For at least a year, the Obama administration has been pushing lenders to make mortgages more widely available to responsible people looking to buy homes.
"Now that we've made it harder for reckless buyers to buy homes that they can't afford, let's make it a little bit easier for qualified buyers to buy the homes they can afford," President Barack Obama said last August in a speech at an Arizona high school, adding that too many qualified families are getting rejected by banks.
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But the hurdles remain tough. The Mortgage Bankers Association said that access to credit is running at roughly one quarter of the pre-housing bubble rate of 2004.
The administration has been meeting with key stakeholders, including David Stevens, the MBA's chief executive, throughout the year to understand why the situation isn't improving. Stevens says he told administration officials that many potential buyers are getting shut out of the market because lenders don't want to take a chance on them.
In an interview with The Washington Post, Stevens explained why. A major stumbling block for potential borrowers, he said: "Credit overlays."
This interview was edited for length and clarity.
Dina Elboghdady: What are credit overlays?
David Stevens: In order for lenders to sell mortgages to Fannie Mae, Freddie Mac or the Federal Housing Administration, the mortgages have to meet minimum standards for some key variables: the credit score, the amount of debt the borrower has relative to his or her income and the documentation. But lenders are applying standards that are more conservative than what is required, and those are the credit overlays. For instance, FHA allows credit scores that can be as low as 500, but most lenders insist on a minimum of 620 or 640 because they think it's risky to do anything under that. They'll demand a higher credit score on a loan because data shows that higher scores perform better.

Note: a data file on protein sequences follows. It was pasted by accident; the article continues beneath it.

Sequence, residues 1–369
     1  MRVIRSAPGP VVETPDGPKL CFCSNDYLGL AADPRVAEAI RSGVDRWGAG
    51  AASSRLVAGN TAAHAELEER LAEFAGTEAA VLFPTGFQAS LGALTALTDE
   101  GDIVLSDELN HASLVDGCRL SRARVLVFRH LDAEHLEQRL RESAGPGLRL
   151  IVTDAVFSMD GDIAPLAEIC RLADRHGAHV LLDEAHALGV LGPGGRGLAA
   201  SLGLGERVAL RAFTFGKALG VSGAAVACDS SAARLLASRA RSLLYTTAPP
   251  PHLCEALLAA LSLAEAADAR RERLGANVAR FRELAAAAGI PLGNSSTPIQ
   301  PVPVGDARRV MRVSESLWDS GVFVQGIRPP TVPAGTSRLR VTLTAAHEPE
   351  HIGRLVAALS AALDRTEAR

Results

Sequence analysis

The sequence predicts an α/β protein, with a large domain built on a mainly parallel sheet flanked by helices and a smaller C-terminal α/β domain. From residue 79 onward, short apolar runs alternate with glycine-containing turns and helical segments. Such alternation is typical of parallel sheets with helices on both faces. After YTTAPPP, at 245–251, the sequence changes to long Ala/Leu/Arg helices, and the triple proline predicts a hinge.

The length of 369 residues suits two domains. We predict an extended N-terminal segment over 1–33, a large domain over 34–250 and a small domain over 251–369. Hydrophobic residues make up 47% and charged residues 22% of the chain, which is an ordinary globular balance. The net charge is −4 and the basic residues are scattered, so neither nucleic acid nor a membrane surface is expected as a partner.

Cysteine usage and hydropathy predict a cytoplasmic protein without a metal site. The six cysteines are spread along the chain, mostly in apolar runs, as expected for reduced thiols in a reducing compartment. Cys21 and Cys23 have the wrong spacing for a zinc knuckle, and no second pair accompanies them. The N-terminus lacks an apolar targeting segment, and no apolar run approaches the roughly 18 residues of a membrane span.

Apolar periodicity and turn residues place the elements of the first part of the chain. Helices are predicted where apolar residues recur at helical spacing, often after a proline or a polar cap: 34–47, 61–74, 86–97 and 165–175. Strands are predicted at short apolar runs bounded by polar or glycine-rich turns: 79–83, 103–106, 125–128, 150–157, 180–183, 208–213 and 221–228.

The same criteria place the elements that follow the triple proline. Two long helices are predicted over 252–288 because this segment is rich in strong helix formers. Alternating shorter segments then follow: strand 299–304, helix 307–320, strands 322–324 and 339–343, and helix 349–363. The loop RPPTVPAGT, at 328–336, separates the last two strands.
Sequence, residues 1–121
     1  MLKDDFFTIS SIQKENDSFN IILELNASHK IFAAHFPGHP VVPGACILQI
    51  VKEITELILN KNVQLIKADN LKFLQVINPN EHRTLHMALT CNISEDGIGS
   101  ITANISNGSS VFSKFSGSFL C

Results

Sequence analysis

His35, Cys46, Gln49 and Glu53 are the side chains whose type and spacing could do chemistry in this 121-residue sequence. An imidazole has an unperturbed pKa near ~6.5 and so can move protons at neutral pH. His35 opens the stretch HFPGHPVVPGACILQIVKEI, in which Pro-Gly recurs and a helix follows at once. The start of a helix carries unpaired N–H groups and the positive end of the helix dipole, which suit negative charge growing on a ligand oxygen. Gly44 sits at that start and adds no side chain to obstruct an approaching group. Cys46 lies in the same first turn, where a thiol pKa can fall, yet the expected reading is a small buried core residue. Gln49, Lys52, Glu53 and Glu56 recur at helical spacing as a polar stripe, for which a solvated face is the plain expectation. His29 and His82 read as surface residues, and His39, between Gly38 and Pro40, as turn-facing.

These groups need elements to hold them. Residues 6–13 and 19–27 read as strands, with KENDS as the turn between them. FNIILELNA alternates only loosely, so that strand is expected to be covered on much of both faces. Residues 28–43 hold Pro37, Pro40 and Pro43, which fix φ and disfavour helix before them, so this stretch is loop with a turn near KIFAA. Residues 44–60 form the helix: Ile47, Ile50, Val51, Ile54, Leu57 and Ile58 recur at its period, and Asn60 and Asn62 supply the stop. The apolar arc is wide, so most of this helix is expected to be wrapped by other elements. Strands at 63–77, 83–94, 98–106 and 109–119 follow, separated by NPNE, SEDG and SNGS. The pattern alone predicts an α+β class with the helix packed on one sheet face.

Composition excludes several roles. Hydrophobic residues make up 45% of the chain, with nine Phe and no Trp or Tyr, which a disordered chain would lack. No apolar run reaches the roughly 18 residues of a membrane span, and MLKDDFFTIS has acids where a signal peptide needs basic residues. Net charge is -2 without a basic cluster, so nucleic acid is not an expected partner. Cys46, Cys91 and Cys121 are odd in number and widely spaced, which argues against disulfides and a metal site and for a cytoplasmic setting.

(Note: Fannie, Freddie and FHA do not make loans. FHA insures lenders against losses should the loans go bad. Fannie and Freddie buy loans, package them into securities and sell them to investors. For a fee, they insure the loans and pay investors should the loans default.)
DE: Why are the lenders doing that?
DS: There are a variety of reasons for overlays that include both regulatory and legal risk. Lenders are putting policies in place for self-protection. All you have to do is read the headlines about the massive legal settlements against the largest lenders for loans they made that went into default. There's been very aggressive enforcement in response to the housing bust, to bad mortgage programs that should have never been created, and to lenders who did the wrong thing, many of whom are now out of business. And there's no end in sight. Lenders are saying we're going to have clear lines so our decisions can never be questioned when a loan defaults. Lenders feel like there really have to be zero errors now. They also don't want to risk having to buy back loans that have minor, nonmaterial errors.
DE: Aren't the lawsuits more about holding lenders accountable for fraud rather than minor errors?
DS: I'm not passing judgment at all on the lawsuits themselves, and the big ones have fairly aggressive claims in them. But there are others that don't make the headlines. We have cases where lenders hired third-party appraisers, and followed all the requirements for ordering an appraisal. The borrowers made their payments for five, seven or even 10 years before defaulting. The investor who purchased the loan then said: "We don't think the appraisal was done right." Is there some point at which you should sunset the risk? If a borrower defaults in the first year or two, that probably means they got into the wrong program or the lender made a mistake. But if they default many years later, that probably reflects changes in their lives and changes in the economy. It's less likely to be the result of the manufacturing of the mortgage years earlier. The regulator that oversees Fannie and Freddie has made some minor policy changes in this area.
DE: Why shouldn't there be a zero-tolerance policy for errors?
DS: The average loan file today is somewhere between 300 to 500 pages, depending on the state and the loan product. There's a lot of human intervention involved in putting that loan file together. The likelihood of a minor defect is almost 100 percent, like getting the middle initial wrong on the application versus the title.
DE: Almost a quarter of the banks surveyed by the Federal Reserve in July said they've loosened standards for prime mortgages, the most since the 2007 housing bust. Last week, Fannie Mae's chief executive said that credit overlays are easing. Are you also seeing signs of that?
DS: We're seeing credit standards ease most for wealthier borrowers with big down payments rather than for marginal first-time borrowers with less wealth and lower down payments.